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Slipping through the cracks

Children walk past the vacant Hope Transitions office building in Phnom Penh’s Meanchey district
Children walk past the vacant Hope Transitions office building in Phnom Penh’s Meanchey district. Hong Menea

Slipping through the cracks

US national Daniel Stephen Johnson was transferred to Prey Sar prison yesterday after being charged on Saturday over the alleged rape of five underage boys – residents of the orphanage he ran without interference from authorities for several months.

According to Phnom Penh Municipal Court prosecutor Seang Sok, Johnson – who was the director of NGO Hope Transitions – was charged with indecent acts with a minor under 15 years old, a charge he will have to face in Cambodia before he can be repatriated to the US to face similar charges there.

Although a sub-decree requires all NGOs to register with the government, some – like Johnson’s – never do. But even as a draft NGO law languishes in parliament, some civil society members yesterday said that it would do little to prevent government ministries’ overlapping jurisdiction over NGOs from letting some organisations slip through the cracks, even ones run by foreign fugitives.

According to Chhith Sam Ath, director of the NGO Forum, local NGOs must register with the Ministry of Interior, while foreign-based NGOs must register with the Ministry of Foreign Affairs. Even then, NGOs must obtain a memorandum of understanding from what he termed an “aligned ministry”, or one that deals with the issue being addressed by the NGO.

“In Cambodia now, who enforces what, I think that seems to be the issue.… The Ministry of Foreign Affairs, the Ministry of Interior – sometimes I don’t think they know who is in charge of what,” Sam Ath said, adding that enforcement “is the responsibility of local authorities” as well.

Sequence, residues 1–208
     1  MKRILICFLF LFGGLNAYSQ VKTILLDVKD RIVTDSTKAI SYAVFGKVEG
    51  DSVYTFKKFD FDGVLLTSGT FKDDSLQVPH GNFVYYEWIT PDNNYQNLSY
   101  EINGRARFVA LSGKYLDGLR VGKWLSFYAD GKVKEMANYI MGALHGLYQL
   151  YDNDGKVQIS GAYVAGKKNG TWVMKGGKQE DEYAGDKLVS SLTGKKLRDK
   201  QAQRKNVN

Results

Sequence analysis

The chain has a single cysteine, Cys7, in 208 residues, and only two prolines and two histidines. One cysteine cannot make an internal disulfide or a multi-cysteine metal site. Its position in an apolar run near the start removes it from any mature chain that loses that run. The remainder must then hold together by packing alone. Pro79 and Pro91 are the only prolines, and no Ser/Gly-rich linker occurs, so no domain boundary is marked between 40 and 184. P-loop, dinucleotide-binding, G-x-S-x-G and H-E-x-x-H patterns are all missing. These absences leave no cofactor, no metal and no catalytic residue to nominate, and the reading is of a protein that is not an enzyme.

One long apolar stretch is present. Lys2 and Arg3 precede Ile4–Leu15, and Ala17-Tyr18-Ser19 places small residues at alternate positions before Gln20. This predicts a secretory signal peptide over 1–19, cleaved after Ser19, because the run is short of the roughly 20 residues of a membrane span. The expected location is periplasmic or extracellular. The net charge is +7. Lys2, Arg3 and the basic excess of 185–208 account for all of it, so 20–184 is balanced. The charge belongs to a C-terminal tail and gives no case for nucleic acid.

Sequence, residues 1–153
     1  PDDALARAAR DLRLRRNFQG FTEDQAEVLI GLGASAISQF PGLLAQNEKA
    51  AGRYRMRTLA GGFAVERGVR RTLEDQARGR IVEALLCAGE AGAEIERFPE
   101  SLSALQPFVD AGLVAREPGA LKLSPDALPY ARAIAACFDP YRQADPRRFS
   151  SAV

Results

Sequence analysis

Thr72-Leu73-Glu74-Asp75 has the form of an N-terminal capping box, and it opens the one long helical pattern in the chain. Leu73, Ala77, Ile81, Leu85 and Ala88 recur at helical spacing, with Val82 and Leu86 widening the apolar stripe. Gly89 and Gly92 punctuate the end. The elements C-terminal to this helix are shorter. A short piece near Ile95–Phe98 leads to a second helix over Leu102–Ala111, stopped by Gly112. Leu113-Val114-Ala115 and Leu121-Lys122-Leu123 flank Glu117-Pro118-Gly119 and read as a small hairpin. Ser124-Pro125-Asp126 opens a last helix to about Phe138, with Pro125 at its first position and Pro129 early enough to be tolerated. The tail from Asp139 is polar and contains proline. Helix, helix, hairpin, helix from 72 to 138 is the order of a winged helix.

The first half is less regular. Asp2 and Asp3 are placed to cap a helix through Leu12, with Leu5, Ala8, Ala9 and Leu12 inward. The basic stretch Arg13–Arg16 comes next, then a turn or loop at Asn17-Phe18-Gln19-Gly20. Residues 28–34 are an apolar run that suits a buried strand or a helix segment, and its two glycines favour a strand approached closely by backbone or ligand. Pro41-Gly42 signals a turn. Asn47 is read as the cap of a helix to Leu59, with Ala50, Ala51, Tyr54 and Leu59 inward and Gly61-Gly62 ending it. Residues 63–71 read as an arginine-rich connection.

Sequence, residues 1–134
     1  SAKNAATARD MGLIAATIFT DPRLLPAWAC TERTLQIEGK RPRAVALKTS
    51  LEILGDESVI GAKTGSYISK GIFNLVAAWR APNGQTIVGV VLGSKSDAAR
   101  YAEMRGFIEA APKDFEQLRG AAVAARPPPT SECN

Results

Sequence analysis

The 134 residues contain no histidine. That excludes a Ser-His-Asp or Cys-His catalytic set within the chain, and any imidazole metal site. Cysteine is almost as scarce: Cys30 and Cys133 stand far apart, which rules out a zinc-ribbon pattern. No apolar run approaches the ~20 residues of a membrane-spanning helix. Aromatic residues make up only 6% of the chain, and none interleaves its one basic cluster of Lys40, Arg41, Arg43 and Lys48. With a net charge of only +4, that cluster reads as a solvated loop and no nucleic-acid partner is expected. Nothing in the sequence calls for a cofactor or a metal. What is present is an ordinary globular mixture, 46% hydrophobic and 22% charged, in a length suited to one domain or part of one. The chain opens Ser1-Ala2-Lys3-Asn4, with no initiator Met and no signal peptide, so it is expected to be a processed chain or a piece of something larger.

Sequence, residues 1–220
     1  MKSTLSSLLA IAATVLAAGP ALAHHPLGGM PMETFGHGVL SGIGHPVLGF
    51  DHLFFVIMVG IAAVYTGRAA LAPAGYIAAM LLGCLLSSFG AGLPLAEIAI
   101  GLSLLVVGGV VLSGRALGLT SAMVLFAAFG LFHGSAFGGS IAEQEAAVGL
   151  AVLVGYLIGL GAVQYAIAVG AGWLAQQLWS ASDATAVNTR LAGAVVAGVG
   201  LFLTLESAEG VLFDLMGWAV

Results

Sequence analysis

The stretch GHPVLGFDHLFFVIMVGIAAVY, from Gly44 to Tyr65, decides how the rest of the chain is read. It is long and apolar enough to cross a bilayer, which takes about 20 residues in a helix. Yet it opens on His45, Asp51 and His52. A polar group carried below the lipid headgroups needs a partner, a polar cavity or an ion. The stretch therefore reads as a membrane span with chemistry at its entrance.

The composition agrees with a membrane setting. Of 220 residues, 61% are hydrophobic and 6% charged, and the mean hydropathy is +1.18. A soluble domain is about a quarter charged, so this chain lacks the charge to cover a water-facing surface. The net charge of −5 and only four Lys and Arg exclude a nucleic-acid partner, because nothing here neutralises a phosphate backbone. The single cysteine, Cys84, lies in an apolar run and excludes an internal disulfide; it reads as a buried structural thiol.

As if to underscore that point, Meas Sarim, deputy director general of NGO administration at the Interior Ministry, said yesterday that he was unaware of Johnson’s case, and directed questions to the Foreign Ministry. While the Interior Ministry oversees all NGOs, he said, organisations can be licensed by either it or the Foreign Ministry.

Koy Kuong, Foreign Ministry spokesman, could not be reached yesterday.

Meanwhile, local police in Meanchey district’s Boeung Tompun commune, where Hope Transitions was located, said that while they had been aware of the organisation’s work, they had simply assumed it was properly licensed.

“We did not ask him [about it], because we saw his organisation helping the poor, and there were also many children staying with it. What’s more, we thought that his organisation maybe had obtained permission from the Ministry of Social Affairs or Ministry of Interior … so we did not go to inspect it,” said commune police chief Tep Bora, adding that his department had been “very surprised” when Johnson was busted.

District governor Krouch Chamroeun said he hadn’t heard of the organisation until it was shut down, and did “not know clearly whether his organisation was authorised by my district authorities or not”.

Cambodia’s draft NGO law – which has been stalled for years amid heavy criticism from civil society – would still require foreign- and locally based NGOs to register through different ministries, but would require filings to be presented on their leaders’ backgrounds.

“In the NGO draft law, we have an article that states that all NGOs in Cambodia must submit the profiles of their management people, and [they must] have no criminal records,” said the MoI’s Sarim.

While background checks should be mandatory, said Seila Samleang, director of the child protection group Action Pour les Enfants, the NGO law still had “its pros and cons”.

“It’s getting more common now for people with sexual abuse backgrounds to go into a normal setting to gain trust or authority over their victims,” Samleang said, while declining to comment in detail on the law.

Some civil society members yesterday saw more cons than pros in the law, which also contains provisions requiring NGOs to report their activities to the government.

“I think without this law, they can enforce [the rules] if they want to,” NGO Forum’s Sam Ath said. “The reason we don’t want the law is because we don’t want the pressure from the government.”

Thun Saray, president of the rights group Adhoc, voiced a similar opinion, and said that the “profiles” of NGO leaders required under the law would have done little to catch someone like Johnson.

“When he registers, he will not put that he has been charged by the court in the US,” he said.

“NGOs could have a lot of problems if they have to [report] everything to the [Interior Ministry]. [Reporting] the finances is no problem, but [not] the activities,” Saray added, noting that the government could theoretically antagonise organisations that examine corruption and wrongdoing. “Sometimes we are not of the same opinion of the government.”

ADDITIONAL REPORTING BY CHHAY CHANNYDA

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